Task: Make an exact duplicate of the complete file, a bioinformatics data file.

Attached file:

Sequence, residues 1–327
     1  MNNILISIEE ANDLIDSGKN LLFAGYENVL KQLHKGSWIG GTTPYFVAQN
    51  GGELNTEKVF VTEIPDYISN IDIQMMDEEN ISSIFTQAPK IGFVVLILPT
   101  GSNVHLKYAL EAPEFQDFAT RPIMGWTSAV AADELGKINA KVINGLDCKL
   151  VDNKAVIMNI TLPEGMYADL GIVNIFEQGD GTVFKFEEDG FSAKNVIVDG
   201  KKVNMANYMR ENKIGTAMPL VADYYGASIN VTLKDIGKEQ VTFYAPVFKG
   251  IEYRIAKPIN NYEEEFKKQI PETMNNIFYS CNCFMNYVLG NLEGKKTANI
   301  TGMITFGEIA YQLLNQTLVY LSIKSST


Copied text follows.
Sequence, residues 1–327
     1  MNNILISIEE ANDLIDSGKN LLFAGYENVL KQLHKGSWIG GTTPYFVAQN
    51  GGELNTEKVF VTEIPDYISN IDIQMMDEEN ISSIFTQAPK IGFVVLILPT
   101  GSNVHLKYAL EAPEFQDFAT RPIMGWTSAV AADELGKINA KVINGLDCKL
   151  VDNKAVIMNI TLPEGMYADL GIVNIFEQGD GTVFKFEEDG FSAKNVIVDG
   201  KKVNMANYMR ENKIGTAMPL VADYYGASIN VTLKDIGKEQ VTFYAPVFKG
   251  IEYRIAKPIN NYEEEFKKQI PETMNNIFYS CNCFMNYVLG NLEGKKTANI
   301  TGMITFGEIA YQLLNQTLVY LSIKSST